Coaster Kingdom

Storm Force 10 (Drayton Manor)

It seems that no ride, however small, can be built these days without a cult following of fanatics scrutinising every sod of earth removed, and every bit of cement poured in it’s place. Parks really milk this for all it’s worth by throwing flashy words like ‘world first’ at us, and giving their construction sites code names like SW4 and Project 2000 yet withholding any information that could pass as actually being constructive.

Very little was known about the ride that was to replace the aging Log Flume at Drayton Manor Park in Staffordshire. What was known was that it was going to be a world first, and during its conception most people had decided that it was to be a looping log flume.

The ride soon opened, and although it was subject to coherent approbation, the world first aspect was rather, well, absent. The aforementioned claim wasn’t referring so much about the ride as it was to the ‘sponsorship’ deal between Drayton Manor and the Royal National Lifeboat Institute, which meant free advertising for the RNLI and investment from Drayton Manor.

The ride was opened by cheesy pop-stars, Steps, and was soon deluged by visitors ‘riding it out’ through the elements that Bear Rides’ first major installation could throw at them.

Although like any prototype Storm Force was subject to the usual teething problems, it wasn’t long before the final touches had been made and the ride had been perfected.

As you pass through the quaint Cornish village you could be forgiven for neglecting the reasons for you visiting. Such a calm village lulls you bogusly into thinking all is well with neatly painted buildings with lobster cages piled up haphazardly in front and nets draped from the gable ends.

Ensuring all is well, the red and white striped lighthouse overlooks the village, and behind that, the fishermen’s bastion – the lifeboat station. It is from here that your adventure will begin, but not after a rather lengthy walk.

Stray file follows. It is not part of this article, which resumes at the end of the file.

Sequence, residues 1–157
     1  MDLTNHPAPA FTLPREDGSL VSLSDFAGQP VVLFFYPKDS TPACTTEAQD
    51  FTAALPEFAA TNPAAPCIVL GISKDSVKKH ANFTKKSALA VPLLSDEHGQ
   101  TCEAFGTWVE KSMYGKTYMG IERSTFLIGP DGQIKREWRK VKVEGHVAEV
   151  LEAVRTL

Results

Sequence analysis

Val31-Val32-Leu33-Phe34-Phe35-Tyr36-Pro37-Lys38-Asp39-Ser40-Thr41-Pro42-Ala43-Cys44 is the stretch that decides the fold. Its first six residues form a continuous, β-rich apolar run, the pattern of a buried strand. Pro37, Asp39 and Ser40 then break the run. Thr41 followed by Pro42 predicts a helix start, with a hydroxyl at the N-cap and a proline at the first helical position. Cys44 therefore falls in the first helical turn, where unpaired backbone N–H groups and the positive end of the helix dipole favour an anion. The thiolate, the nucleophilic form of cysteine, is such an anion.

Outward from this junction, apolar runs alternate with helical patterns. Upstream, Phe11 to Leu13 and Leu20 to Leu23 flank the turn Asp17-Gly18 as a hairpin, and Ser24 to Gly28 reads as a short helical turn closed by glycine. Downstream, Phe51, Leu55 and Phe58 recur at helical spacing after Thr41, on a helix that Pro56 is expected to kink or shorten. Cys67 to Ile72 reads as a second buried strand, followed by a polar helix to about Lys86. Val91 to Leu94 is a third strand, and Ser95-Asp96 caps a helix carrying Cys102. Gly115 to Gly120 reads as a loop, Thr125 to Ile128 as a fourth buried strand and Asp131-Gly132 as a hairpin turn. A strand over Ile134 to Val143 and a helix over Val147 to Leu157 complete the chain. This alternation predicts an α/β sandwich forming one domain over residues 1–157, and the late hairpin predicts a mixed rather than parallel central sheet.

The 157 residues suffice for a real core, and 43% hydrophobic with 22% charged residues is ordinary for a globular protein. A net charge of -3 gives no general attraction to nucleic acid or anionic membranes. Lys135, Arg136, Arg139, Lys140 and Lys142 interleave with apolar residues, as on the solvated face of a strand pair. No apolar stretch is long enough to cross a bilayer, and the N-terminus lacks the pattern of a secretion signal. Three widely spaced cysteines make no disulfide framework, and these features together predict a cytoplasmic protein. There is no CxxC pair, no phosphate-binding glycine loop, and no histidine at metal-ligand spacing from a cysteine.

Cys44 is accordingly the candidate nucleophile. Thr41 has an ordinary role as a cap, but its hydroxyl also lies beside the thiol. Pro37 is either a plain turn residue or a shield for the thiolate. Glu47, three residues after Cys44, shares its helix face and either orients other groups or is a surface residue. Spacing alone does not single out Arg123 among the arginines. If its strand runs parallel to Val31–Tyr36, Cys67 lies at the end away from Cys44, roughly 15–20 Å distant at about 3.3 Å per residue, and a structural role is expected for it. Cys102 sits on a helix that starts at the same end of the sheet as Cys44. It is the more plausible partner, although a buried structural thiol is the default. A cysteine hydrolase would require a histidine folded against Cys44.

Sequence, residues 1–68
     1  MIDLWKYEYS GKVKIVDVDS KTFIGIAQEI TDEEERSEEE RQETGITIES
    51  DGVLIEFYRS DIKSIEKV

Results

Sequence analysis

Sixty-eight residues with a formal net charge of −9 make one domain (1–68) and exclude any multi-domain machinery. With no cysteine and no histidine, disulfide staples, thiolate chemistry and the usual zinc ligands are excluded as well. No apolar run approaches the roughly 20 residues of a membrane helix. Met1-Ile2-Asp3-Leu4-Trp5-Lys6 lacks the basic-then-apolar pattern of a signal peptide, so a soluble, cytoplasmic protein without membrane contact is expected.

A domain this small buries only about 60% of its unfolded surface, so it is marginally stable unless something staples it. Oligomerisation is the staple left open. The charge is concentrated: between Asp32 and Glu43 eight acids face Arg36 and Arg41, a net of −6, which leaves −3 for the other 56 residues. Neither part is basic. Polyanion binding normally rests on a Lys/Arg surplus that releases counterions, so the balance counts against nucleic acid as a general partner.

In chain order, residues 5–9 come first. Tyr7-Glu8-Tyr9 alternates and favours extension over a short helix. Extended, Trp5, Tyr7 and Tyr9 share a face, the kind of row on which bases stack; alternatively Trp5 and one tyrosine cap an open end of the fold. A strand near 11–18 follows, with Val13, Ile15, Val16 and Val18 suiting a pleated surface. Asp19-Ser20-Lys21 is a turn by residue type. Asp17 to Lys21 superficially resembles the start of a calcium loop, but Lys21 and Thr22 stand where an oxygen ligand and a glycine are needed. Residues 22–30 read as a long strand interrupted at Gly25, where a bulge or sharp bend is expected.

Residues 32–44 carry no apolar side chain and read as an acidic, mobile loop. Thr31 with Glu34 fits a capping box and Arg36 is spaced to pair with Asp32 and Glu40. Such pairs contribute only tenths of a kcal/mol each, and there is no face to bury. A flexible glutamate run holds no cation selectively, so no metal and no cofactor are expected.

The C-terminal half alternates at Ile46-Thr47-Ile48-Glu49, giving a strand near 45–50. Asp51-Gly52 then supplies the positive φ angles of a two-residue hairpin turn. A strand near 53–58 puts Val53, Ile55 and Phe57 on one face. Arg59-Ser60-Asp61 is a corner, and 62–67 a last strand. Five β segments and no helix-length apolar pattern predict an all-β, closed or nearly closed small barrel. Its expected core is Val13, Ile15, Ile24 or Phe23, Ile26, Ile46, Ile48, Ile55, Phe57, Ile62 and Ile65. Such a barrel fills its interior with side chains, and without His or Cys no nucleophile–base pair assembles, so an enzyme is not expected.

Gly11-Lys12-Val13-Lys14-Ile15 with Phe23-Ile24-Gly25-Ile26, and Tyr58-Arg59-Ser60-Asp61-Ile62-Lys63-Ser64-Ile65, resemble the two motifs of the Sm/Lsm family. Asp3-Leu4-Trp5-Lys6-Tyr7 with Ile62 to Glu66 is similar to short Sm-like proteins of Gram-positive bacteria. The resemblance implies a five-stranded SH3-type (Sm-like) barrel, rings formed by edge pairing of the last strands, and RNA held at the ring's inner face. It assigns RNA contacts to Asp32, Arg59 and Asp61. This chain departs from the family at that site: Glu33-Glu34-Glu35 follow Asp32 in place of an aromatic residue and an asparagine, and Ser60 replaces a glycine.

The walk begins with a quick saunter through a fisherman’s workshop. A state of organised chaos is present, like in any workshop, with dirty cans of paint stacked not so neatly on the paint-stained shelves, oars and other seafaring tidbits lay strewn as mugs of coffee go lukewarm in the absence of the fisherman. The radio broadcasts stormy waters ahead on the shipping forecast, something we can only worry about, as it really is too late to head back to safer grounds.

From here you pass a sympathetically created animatronic of a lifeboat-man who served in the service long before we ever graced this earth telling his tales of adventures on the high seas. Onto the deck of a ship, through the portholes you can learn whilst you queue. Each teaches you about the RNLI, it’s role and it’s vessels.

The tidemarks on the wall are waist high and covered in algae, droppings and barnacles. The riveted metal walls corrode around the seams and the white paintwork is stained with the rust that eats away at the surface.

After climbing some stairs, you enter the lighthouse that looks out on the village before spiralling up this most homely beacon. Pictures hang on the wall, books on shelves before you go outside, over a bridge crossing the final lift into the station giving you an opportunity to gauge just how wet the ride will be. It is indeed a harrowing view that will haunt you for the remainder of the queue that goes behind the station for a great view of two of the rides’ three drops.

If you can’t bear to look, avert your eyes to the walls of the lifeboat station walls that will entertain you with more facts about the RNLI both past and present.

You enter the large station. The theming here remains consistent and of a fantastic quality. The trail of lukewarm coffee mugs continues here, as a cat lays asleep on the warm and recently used waterproofs donned by a hardy lifeboat-man. RNLI issued posters serve to teach the lifeboats-men the dangers of the sea, including the hammerhead shark and its particularly infamous cousin, the spannerhead shark – gasp.

Boats pass down the centre of the station. Each is themed fantastically as an inshore inflatable lifeboat, bright orange adorned in the RNLI’s name. The boats are a large affair for a so-called log flume. Each boat seats eight in four rows of two. If you have a choice, sit in the second from front, failing that, the front itself. If they offer you the back seat, refuse, point blank – unless you happen to be amphibious. More on that later, however.